In July, the Board twice elected to extend the time for public comments to allow at least ten speakers to share their concerns about Alder's unannounced appearance in campus classrooms of students in MiraCosta's Adults with Disabilities program and her sudden ousting of instructional aides and their students in the middle of the summer term, causing students to miss class and their transportation schedules to be disrupted. The aides kicked out are support staff provided at no cost to MiraCosta to enable students with intellectual disabilities and/or developmental delays access and participate in the classes offered through MiraCosta's Adults with Disabilities program. One parent reported how her adult son had to sit out in the sun in the record setting heat to wait while his agency tried to arrange for transportation to come pick up him and other students and their aides who had to leave campus. Many students in the program rely upon transportation from their local agencies to provide transportation, but that transportation relies upon strict schedules to meet the wide range of needs of its clients. Because Alder neglected to give advance warning to the agencies supporting the students about her new and sudden stance, they had no ability to plan ahead or correct any missteps that may have given rise to Alder's actions. Per reports, students off campus have been allowed to bring children into the classroom (even though MiraCosta pays for childcare), so it is unclear why trained adult support staff were kicked out.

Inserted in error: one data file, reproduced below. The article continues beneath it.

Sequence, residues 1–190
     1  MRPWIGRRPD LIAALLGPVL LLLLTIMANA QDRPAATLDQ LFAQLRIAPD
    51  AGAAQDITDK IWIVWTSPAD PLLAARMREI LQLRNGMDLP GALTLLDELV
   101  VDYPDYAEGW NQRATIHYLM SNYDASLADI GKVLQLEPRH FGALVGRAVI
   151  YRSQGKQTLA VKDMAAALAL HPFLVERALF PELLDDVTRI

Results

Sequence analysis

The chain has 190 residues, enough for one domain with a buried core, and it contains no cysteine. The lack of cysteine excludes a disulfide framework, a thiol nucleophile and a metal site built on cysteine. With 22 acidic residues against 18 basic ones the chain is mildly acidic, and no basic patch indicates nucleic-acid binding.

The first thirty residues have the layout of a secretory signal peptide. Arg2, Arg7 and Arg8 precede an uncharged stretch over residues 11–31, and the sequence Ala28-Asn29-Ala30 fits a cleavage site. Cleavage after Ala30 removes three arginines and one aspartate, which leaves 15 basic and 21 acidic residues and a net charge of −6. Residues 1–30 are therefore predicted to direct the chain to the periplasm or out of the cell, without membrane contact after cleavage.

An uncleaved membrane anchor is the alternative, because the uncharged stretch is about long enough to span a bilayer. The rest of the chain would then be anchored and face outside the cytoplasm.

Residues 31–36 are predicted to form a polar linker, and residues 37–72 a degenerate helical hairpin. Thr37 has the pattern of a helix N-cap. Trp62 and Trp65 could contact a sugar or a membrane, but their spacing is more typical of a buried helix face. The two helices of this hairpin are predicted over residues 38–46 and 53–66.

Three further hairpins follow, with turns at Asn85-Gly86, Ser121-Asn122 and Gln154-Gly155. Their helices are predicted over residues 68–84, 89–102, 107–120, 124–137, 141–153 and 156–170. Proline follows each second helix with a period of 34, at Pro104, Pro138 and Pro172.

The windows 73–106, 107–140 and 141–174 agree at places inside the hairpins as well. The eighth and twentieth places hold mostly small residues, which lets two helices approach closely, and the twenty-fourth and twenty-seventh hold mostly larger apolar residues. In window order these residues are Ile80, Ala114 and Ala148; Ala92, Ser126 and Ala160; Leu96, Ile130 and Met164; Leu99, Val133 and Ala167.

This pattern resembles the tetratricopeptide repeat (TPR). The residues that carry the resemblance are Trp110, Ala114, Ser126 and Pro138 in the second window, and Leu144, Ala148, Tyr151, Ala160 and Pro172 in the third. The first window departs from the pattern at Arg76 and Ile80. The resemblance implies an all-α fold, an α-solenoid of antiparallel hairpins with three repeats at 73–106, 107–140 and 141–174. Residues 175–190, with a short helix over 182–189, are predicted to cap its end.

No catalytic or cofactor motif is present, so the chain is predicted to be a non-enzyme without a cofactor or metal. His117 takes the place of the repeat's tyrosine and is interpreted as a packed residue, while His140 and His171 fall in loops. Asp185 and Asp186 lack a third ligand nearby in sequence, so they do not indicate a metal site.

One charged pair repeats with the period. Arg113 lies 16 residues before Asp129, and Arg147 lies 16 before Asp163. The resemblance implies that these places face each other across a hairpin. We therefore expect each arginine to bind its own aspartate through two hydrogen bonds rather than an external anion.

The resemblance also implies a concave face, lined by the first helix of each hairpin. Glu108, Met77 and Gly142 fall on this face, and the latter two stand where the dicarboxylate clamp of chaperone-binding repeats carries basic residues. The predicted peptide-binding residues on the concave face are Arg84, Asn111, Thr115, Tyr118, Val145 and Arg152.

A student, with the help of a community member due to the student's English language deficits, also spoke about how Alder's warning that they could be removed by police from the class if they misbehaved made him fearful of going to the class and that he is now afraid of the police. Per advocates and agency reps, around 10 students in the Oceanside class had to leave after Alder appeared, and at the San Elijo class, the class attendance went from approximately 18 students to 7. An advocate, with an educational background as a teacher, shared how her son initially declined to leave because he was properly enrolled in the class, but that he was warned police would be called if he failed to leave with his aide.